Plus questions about residency visas and property ownership, taxable assets after a divorce under UK law and obtaining a personal loan by a new arrival to the UAE, answered by The National's consumer advocate.
On Your Side: Salary rates should not be based on a calendar year
I have an unlimited employment contract with a company in the Jebel Ali Free Zone and have been with the company for 16 months. I am planning to submit my resignation because I have been offered a job outside the free zone. Will I get a ban from my current employer? Do I have to give 45 days' salary to my current employer because I have not completed two years of service? How would my gratuity and final benefits be calculated? NG, Dubai
The rules regarding bans do not apply within free zones, so you will not receive an employment ban. Because you are on an unlimited contract, you do not need to pay any compensation for ending it. All you need to do is give the required period of notice. The only exception is if you have signed a contract agreeing to repay any initial costs should you leave within a specific period of time. Because you are resigning before the end of three years' service, you are entitled to receive one third of the total gratuity payment you have accrued up to your final date of employment. For example, if you started work on May 1, 2010, and leave on September 30, 2011, you have accrued a total of 30 days' gratuity. To comply with the law, your employer must include 10 days' gratuity in your final settlement. Your final settlement should also include payment for any unused annual leave. Annual leave pay should include basic salary plus allowances and should be calculated on the basis of your contracted working hours. If you work five days a week, for instance, then one day of leave pay is 1/260th of your annual salary. This is worth pointing out because I have come across companies attempting to calculate a daily rate of salary on the basis of annual salary divided by 365, despite no one working every day of the year.
In 2005, I purchased three properties with a total combined value of approximately Dh1.4 million. These properties were marketed with a condition that the investor would be granted a three-year residency. In 2008, I was successfully granted a residence visa, which has now expired. The law regarding the issuance of residence visas for property investors has since been amended. According to the new laws, residence visas are now only issued to investors who own property with a minimum value of Dh1m. The sponsor has refused to renew my visa because they claim that at least one property has to have a minimum value of Dh1m, rather than the total value of my investment. Is it correct for the sponsor to interpret the law in this way, or am I entitled to a residence visa based on the total value of my property investments being more than Dh1m? YS, Dubai
I have spoken with the General Directorate of Residency & Foreigners Affairs, part of the Dubai Residency & Nationality Department, about this issue and it has confirmed that the property-related residency visa has to relate to the title deeds of just one property and this must have a value of more than Dh1m. In this case, YS is not eligible for a property-related visa.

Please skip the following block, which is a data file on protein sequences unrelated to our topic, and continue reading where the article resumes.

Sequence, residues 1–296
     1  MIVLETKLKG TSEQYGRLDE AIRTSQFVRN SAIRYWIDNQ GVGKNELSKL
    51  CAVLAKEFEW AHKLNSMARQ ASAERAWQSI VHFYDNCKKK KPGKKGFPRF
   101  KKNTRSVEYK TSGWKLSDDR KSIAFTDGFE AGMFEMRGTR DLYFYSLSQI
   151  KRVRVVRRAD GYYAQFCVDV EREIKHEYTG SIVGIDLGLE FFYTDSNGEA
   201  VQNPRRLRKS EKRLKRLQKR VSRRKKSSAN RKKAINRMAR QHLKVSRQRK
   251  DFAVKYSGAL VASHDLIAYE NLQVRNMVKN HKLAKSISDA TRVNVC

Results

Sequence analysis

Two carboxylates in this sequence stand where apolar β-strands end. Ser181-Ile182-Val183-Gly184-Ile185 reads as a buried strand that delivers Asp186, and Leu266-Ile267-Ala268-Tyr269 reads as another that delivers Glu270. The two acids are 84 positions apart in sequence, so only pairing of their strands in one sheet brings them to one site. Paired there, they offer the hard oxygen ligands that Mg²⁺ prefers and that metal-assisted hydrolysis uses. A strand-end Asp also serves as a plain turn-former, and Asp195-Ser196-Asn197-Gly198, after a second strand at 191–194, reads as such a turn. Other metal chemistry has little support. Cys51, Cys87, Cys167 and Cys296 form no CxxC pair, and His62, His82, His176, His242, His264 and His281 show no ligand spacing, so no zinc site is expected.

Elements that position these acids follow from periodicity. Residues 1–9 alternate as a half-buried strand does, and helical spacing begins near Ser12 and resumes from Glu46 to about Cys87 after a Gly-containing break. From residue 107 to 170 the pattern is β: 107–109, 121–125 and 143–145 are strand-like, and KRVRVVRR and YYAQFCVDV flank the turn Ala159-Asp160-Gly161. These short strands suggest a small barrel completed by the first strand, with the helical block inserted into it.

My husband and I are getting divorced. As part of the legal settlement, I will be receiving a large sum of money. I am living in the UAE, but intend to return to the UK once the divorce is finalised and I have received my money. We own two properties in the UK and I will be given one of these outright, without a mortgage on it, as part of the settlement. I understand that soon after I move back, I will be considered to be a UK resident in respect of tax once again. Will I be taxed on the money I receive, or on the house? If so, what is the best way to reduce any tax liability? VA, Abu Dhabi
Under UK law, there is no tax liability on any of the assets transferred as part of a divorce settlement, so even if you become a UK resident once again you will not be subject to any tax on either the property or any monies that you receive. Once you take up UK residency, you will, however, be subject to income tax on any income, interest or rental income received.
My wife and I arrived in Abu Dhabi one month ago and have tried to get a loan to buy a car. When we went to our bank, we were told that it would not consider a loan until we have made at least three salary payments into our account. We asked if we could show our bank statements from our US bank and were told there was no way around it. Is this standard practice in the UAE? Can I get a loan from another bank? CB, Abu Dhabi
Banks are now stricter in offering personal loans than they were before the economic downturn. A bank will want to know that your job is permanent and that you are no longer on probation. It will require your salary to be paid into a current account with it before offering finance. There may be the odd exception, particularly if you have significant savings, but most banks in the UAE will work on a similar basis. If you use the same bank as your employer, they may be able to intervene to request loan facilities on your behalf, particularly because a vehicle loan is secured. But your employer may be asked to provide a guarantee. It is likely that you will need to wait a couple more months before purchasing a vehicle.